Textbook Notes (368,241)
Canada (161,733)
Psychology (3,337)
PSYC 1000 (740)
Chapter

PSYC1000 - Module 04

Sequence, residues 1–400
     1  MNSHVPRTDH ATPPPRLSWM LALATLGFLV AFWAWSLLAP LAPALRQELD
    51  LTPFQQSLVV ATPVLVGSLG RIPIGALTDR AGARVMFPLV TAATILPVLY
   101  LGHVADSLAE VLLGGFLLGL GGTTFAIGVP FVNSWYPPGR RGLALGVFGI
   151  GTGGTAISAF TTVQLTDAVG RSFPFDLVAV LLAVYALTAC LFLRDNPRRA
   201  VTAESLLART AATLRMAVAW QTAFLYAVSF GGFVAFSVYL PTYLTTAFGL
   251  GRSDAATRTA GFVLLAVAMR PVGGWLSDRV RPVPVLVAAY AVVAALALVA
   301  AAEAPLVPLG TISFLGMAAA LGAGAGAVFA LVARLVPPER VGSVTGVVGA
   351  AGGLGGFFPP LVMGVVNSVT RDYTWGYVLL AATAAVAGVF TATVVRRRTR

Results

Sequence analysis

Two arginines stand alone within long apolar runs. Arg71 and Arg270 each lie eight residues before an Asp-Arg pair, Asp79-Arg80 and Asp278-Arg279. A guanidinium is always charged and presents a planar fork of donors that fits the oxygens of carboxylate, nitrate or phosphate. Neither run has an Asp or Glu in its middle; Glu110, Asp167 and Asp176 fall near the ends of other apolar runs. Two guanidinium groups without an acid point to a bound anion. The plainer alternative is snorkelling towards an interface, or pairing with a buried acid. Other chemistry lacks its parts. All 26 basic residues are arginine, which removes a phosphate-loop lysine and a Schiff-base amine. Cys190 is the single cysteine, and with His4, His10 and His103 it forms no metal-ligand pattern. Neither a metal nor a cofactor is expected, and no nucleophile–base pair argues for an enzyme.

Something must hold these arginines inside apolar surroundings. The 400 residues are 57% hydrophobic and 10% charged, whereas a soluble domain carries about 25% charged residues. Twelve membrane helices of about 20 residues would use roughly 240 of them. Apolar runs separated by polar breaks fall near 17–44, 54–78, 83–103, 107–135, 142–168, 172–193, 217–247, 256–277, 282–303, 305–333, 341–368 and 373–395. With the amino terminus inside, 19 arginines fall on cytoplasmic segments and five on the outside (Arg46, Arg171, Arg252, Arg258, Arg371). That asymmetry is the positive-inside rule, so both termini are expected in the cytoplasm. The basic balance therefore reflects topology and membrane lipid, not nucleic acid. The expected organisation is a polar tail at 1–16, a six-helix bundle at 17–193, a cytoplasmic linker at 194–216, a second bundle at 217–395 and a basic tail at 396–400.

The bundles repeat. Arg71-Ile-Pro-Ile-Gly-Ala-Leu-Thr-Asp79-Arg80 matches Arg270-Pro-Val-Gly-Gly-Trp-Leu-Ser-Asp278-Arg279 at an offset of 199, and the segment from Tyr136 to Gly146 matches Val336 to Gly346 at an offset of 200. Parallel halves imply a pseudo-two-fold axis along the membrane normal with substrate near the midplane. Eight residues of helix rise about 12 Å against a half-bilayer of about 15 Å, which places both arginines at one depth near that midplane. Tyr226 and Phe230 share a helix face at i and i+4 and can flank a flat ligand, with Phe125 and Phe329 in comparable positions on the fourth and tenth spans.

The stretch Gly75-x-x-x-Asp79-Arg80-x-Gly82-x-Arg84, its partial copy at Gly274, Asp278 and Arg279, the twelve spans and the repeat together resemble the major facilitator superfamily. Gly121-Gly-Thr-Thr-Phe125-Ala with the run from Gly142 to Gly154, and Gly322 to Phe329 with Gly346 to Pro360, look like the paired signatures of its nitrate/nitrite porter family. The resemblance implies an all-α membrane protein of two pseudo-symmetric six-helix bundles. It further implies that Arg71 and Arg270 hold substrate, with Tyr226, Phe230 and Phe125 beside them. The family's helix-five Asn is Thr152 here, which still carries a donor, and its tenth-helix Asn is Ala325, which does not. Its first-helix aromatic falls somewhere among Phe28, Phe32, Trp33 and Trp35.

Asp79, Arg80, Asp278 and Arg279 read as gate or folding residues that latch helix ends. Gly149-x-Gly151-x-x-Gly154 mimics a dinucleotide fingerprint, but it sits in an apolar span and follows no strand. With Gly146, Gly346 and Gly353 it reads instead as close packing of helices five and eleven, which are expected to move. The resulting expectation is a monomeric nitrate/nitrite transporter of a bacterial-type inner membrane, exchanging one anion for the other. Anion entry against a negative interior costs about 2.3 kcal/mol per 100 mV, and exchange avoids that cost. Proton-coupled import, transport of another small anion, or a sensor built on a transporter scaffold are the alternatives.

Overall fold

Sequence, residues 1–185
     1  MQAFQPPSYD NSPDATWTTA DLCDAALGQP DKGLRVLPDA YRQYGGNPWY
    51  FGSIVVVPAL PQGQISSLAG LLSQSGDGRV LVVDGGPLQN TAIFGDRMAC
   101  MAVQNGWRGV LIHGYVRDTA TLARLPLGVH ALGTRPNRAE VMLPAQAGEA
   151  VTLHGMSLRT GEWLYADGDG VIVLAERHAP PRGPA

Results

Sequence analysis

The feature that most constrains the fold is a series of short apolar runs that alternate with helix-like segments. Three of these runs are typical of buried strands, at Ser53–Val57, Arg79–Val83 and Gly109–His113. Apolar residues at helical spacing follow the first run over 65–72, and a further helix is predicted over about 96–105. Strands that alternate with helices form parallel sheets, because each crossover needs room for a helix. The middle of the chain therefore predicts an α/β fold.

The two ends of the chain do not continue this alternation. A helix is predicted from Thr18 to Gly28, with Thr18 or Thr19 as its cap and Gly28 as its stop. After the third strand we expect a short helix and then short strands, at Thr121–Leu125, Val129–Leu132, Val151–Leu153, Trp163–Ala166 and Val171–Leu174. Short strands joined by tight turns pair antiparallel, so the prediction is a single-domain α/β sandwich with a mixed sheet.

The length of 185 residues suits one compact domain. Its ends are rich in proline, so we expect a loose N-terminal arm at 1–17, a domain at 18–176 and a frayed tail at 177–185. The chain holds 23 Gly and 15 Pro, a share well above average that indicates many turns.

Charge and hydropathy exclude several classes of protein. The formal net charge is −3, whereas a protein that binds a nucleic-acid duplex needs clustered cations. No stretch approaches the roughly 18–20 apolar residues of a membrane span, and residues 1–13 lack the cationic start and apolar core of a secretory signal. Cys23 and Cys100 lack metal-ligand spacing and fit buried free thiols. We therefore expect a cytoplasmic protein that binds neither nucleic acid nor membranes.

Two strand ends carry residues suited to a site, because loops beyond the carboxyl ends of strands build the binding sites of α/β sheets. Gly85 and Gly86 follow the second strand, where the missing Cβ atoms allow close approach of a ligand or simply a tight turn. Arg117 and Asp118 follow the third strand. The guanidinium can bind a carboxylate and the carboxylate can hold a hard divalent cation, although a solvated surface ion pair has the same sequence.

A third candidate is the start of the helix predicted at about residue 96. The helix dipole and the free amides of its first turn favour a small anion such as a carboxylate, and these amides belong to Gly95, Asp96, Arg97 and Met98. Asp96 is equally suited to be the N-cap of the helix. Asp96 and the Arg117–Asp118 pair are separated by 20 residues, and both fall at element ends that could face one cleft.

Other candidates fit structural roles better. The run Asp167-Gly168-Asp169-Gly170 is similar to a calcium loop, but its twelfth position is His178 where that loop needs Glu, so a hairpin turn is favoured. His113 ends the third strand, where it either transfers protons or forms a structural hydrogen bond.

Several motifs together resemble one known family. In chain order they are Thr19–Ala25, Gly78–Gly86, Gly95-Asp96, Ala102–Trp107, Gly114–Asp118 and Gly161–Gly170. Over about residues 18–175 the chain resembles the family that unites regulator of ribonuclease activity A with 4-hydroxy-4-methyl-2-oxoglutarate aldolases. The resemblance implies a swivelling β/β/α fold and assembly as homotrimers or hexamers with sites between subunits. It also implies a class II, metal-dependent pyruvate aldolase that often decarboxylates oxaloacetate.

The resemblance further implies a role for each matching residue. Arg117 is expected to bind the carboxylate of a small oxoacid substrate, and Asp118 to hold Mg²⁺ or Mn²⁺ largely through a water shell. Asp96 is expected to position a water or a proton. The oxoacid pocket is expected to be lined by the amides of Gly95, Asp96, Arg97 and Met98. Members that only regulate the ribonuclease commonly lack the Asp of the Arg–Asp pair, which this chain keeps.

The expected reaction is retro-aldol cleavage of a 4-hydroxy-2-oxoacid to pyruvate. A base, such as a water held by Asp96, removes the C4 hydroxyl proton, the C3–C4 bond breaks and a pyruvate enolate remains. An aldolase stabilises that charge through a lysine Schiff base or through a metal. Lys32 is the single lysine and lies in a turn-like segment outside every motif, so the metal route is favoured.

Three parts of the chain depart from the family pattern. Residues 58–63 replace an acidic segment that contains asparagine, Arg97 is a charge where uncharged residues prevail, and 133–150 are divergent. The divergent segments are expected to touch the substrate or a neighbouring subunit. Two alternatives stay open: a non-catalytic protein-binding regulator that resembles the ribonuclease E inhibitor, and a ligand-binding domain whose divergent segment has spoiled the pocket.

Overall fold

5 Pages
124 Views
Unlock Document

Department
Psychology
Course
PSYC 1000
Professor
Harvey Marmurek
Semester
Summer

Description